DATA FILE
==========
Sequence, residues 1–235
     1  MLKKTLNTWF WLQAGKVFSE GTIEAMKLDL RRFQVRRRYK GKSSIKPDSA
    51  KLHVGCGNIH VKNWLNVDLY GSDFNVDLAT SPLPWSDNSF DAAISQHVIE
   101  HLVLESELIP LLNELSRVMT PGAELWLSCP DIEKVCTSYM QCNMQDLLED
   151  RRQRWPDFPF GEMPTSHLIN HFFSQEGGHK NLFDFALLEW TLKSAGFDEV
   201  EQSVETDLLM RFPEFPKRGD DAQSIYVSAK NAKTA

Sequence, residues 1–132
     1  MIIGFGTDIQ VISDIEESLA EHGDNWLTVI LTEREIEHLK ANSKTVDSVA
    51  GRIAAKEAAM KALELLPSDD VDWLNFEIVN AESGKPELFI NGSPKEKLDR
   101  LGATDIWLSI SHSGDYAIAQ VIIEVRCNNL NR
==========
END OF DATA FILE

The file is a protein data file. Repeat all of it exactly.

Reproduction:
Sequence, residues 1–235
     1  MLKKTLNTWF WLQAGKVFSE GTIEAMKLDL RRFQVRRRYK GKSSIKPDSA
    51  KLHVGCGNIH VKNWLNVDLY GSDFNVDLAT SPLPWSDNSF DAAISQHVIE
   101  HLVLESELIP LLNELSRVMT PGAELWLSCP DIEKVCTSYM QCNMQDLLED
   151  RRQRWPDFPF GEMPTSHLIN HFFSQEGGHK NLFDFALLEW TLKSAGFDEV
   201  EQSVETDLLM RFPEFPKRGD DAQSIYVSAK NAKTA

Sequence, residues 1–132
     1  MIIGFGTDIQ VISDIEESLA EHGDNWLTVI LTEREIEHLK ANSKTVDSVA
    51  GRIAAKEAAM KALELLPSDD VDWLNFEIVN AESGKPELFI NGSPKEKLDR
   101  LGATDIWLSI SHSGDYAIAQ VIIEVRCNNL NR